Large Earthquake Strikes off of Mexico, Generates Small Tsunami

By Erik Klemetti | September 8, 2017 10:04 am
Map of the epicenter (star) and modeled shaking intensity for the M8.1 Pijijiapan earthquakes on September 7, 2017. USGS.

Map of the epicenter (star) and modeled shaking intensity for the M8.1 Pijijiapan earthquakes on September 7, 2017. USGS.

One of the largest Central American earthquakes ever occurred last night off the coast of Mexico and Guatemala. The USGS estimates it was a magnitude 8.1 that ruptured about 70 kilometers off the shore, with the city of Pijijiapan closest to the epicenter. At least 32 people have died (the death toll now looks to be at least 58) in the earthquake so far according to early reports.

Now, earthquakes are not uncommon on the western coast of Central America. Jascha Polet (Cal Poly-Pomona) posted some images of historic seismicity in the region and there are LOTS of earthquakes. Very few are as large and occur as deep as last night’s temblor, but there is lots of seismicity along this coast.

However, the magnitude and depth weren’t the only thing odd about this earthquake. Most earthquakes in an area like this where two plates are colliding and one is losing (i.e., being shoved down into the Earth’s mantle) are compressional. However, if you look at the beachball* (aka moment tensor) for this earthquake, it has normal motion — that is, the fault was showing extension rather than compression. A long stretch of the fault appears to have moved as well, as the most intense shaking appears along a strip that runs over 100 kilometers (62 miles) along the coast.

* Curious about earthquake beachballs? Check out Chris Rowan’s primer.

Also, Mexico City felt a lot of shaking … and it is 750 kilometers (~470 miles) from the epicenter. In fact, some places closer to the epicenter felt less shaking than Mexico City. You can kind of see this in the USGS Shake Map for the earthquake. Now, this likely has to do with the material underneath the city. Sediment (like we find in the valley were the city is built) will tend to jiggle with an earthquake … or hard rock will transfer seismic waves long distances, like what happened in the Virginia earthquake of 2011. Maybe a combination of this caused the intense shaking felt in Mexico City (see below). The city had over two minutes warning after the earthquake occurred before the seismic waves that cause shaking reached there, so it is a great example why building “early warning” systems (the siren in the video below) for earthquakes could be vital for many cities.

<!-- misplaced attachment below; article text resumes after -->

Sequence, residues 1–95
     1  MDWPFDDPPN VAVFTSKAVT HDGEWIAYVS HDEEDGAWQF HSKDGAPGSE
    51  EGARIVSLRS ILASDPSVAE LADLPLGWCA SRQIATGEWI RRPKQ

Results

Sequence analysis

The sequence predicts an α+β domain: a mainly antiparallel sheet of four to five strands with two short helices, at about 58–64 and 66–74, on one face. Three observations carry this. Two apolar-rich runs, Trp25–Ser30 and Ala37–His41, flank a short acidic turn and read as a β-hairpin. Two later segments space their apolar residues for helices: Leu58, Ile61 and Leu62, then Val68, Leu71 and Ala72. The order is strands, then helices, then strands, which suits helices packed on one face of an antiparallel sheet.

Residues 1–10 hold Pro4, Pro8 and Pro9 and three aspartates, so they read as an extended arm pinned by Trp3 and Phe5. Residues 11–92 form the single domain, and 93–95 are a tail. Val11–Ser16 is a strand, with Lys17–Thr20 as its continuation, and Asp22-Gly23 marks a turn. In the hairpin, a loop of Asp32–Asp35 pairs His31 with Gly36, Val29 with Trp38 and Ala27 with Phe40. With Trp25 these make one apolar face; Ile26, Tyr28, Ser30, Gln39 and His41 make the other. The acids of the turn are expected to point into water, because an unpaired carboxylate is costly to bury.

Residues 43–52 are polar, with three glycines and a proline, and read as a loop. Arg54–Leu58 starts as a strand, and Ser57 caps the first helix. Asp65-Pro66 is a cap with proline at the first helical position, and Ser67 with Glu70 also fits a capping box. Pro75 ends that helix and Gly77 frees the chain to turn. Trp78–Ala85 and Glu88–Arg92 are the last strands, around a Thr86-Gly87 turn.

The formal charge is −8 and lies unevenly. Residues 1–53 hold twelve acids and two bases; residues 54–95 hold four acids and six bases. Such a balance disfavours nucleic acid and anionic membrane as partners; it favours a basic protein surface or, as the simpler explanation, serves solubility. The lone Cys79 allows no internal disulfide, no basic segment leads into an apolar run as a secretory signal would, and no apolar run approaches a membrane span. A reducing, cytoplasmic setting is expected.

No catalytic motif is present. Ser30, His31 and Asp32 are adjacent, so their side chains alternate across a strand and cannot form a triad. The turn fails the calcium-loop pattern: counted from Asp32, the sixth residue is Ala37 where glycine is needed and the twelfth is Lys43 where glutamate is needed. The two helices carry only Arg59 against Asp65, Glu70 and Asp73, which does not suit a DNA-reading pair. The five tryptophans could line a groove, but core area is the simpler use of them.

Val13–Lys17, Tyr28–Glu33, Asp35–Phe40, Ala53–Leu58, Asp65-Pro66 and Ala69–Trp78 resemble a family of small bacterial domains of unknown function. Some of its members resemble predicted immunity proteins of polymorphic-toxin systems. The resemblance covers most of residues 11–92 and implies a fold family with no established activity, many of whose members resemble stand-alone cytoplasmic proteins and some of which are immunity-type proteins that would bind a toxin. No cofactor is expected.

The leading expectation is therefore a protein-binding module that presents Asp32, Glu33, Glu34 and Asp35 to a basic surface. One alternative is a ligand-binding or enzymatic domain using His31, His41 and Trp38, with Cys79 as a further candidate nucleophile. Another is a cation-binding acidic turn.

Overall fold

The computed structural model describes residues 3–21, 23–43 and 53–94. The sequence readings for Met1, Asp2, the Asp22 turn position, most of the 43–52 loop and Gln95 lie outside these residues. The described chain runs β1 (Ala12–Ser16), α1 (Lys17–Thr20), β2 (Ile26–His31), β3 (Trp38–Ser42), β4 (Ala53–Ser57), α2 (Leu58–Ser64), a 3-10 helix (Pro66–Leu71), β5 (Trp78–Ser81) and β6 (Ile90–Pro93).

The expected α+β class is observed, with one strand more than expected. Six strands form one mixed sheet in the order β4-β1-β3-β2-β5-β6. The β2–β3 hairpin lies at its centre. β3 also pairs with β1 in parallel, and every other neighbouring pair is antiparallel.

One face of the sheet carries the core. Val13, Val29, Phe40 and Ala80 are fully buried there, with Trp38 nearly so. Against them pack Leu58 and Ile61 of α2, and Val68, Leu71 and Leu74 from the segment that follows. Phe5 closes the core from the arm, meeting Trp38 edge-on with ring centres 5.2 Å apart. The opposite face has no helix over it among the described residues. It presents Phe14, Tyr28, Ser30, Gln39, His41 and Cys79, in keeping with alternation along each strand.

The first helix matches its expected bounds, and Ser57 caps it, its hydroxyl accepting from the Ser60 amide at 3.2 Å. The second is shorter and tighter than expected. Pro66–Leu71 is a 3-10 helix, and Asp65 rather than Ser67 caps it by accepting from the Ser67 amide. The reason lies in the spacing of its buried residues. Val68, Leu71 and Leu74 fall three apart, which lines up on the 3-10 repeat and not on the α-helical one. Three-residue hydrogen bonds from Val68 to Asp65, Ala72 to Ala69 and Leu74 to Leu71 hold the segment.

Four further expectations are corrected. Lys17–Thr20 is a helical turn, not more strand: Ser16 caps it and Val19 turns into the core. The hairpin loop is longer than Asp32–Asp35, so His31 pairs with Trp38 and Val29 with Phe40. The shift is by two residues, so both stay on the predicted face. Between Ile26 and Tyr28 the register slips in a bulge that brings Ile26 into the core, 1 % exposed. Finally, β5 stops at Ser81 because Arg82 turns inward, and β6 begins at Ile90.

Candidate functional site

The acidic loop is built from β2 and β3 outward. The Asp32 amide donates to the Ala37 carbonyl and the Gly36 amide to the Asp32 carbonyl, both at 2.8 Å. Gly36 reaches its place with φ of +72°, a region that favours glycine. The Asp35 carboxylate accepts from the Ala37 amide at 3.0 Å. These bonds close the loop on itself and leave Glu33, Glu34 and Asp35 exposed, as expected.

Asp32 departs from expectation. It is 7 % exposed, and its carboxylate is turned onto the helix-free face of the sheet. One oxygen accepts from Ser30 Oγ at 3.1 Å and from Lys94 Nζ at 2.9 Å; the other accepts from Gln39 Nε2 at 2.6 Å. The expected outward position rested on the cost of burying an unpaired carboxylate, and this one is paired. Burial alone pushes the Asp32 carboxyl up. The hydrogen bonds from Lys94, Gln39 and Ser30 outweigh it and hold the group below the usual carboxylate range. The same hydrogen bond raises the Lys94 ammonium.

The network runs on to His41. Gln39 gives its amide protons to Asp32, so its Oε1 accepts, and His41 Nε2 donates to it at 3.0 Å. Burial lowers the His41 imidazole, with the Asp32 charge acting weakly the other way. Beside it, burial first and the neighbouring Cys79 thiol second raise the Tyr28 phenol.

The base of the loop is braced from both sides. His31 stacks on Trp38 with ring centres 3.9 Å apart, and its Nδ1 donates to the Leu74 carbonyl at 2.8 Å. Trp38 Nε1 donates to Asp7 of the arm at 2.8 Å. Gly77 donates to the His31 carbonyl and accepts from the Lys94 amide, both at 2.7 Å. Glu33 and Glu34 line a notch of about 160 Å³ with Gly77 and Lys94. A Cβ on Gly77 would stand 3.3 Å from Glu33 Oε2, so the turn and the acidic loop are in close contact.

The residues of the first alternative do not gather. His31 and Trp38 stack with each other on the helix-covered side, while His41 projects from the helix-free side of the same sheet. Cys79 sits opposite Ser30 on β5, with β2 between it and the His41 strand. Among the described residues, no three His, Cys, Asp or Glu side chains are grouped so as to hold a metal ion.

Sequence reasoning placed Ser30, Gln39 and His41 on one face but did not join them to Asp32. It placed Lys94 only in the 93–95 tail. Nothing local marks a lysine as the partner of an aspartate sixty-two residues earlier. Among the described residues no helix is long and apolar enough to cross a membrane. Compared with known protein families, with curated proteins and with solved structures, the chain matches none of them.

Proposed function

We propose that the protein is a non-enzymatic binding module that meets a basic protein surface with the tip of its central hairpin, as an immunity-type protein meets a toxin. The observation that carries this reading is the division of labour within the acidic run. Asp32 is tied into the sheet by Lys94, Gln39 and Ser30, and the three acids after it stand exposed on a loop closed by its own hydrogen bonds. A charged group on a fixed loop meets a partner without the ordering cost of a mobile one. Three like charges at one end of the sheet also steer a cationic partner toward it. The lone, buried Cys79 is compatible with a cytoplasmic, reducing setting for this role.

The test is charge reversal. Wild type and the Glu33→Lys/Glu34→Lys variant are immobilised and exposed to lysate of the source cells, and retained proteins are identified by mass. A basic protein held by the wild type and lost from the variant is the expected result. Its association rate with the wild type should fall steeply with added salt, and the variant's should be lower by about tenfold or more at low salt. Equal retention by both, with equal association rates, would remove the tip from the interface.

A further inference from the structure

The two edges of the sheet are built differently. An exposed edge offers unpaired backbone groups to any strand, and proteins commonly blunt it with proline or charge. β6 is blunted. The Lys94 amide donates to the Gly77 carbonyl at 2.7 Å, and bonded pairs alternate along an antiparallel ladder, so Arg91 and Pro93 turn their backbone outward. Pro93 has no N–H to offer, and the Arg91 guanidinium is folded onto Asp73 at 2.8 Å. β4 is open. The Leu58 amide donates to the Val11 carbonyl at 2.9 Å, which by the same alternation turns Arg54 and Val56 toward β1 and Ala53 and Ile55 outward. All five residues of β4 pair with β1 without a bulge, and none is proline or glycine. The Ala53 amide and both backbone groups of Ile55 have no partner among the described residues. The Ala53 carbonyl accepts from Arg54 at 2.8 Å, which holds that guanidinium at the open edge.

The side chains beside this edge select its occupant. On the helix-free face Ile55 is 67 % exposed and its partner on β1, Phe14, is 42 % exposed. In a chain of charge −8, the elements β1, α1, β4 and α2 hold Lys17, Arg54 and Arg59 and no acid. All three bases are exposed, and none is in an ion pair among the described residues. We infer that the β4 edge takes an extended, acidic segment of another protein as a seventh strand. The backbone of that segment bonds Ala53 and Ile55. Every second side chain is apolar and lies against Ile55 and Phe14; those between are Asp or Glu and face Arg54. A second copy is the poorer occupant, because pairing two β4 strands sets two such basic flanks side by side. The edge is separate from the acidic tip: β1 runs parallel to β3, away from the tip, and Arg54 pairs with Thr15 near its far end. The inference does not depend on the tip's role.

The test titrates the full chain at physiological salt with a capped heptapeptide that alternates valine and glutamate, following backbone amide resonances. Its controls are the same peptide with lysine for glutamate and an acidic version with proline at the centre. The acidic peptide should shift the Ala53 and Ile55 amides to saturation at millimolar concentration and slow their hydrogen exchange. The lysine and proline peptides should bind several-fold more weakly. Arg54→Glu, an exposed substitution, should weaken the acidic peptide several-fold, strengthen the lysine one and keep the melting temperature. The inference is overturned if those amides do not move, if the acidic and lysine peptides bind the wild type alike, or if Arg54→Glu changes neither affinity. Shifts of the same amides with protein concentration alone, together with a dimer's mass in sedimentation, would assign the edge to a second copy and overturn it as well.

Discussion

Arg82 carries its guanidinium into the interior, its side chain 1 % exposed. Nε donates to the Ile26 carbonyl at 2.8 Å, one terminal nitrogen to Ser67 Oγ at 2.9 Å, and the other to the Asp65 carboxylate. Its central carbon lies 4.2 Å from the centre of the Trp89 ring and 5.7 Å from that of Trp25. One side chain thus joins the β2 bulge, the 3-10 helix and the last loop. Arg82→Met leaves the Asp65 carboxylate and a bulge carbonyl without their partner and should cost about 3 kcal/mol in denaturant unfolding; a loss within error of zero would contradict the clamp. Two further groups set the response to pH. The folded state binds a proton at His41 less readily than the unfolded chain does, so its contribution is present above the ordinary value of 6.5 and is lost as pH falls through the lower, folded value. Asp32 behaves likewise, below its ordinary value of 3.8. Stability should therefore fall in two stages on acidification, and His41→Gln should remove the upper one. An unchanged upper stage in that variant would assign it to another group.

This earthquake also produced a small tsunami, which was a bit of a surprise considering the depth of the earthquake. The tsunami was 1-3 meters on the Mexican and Guatemalan coasts. However, it did prompt marine tsunami warnings as far as New Zealand as the waves generated by this earthquake raced across the Pacific Basin, where the tsunami is potentially 0.3-1 meter in places like Fiji and the Cook Islands.

If you want to get into the details of the earthquake, please check out Callan Bentley’s post.

NOTE: Before anyone goes there: there is no connection between the hurricanes and this earthquake. They are totally unrelated. Earthquakes happen at a nearly random distribution, so don’t believe any crock about anyone “predicting” this earthquake due to planetary alignment, the moon, bunions or whatever. And no, the Earth isn’t more active either.

CATEGORIZED UNDER: Rocky Planet, Science, Science Blogs

Rocky Planet

Rocky Planet covers all the geologic events that made and will continue to shape our planet. From volcanoes to earthquakes to gold to oceans to other solar systems, I discuss what is intriguing and illuminating about the rocks beneath our feet and above our heads. Ever wonder what volcanoes are erupting? How tsunamis form and where? What rocks can tell us about ancient environments? How the Earth might change in the future? You'll find these answers and more on Rocky Planet.

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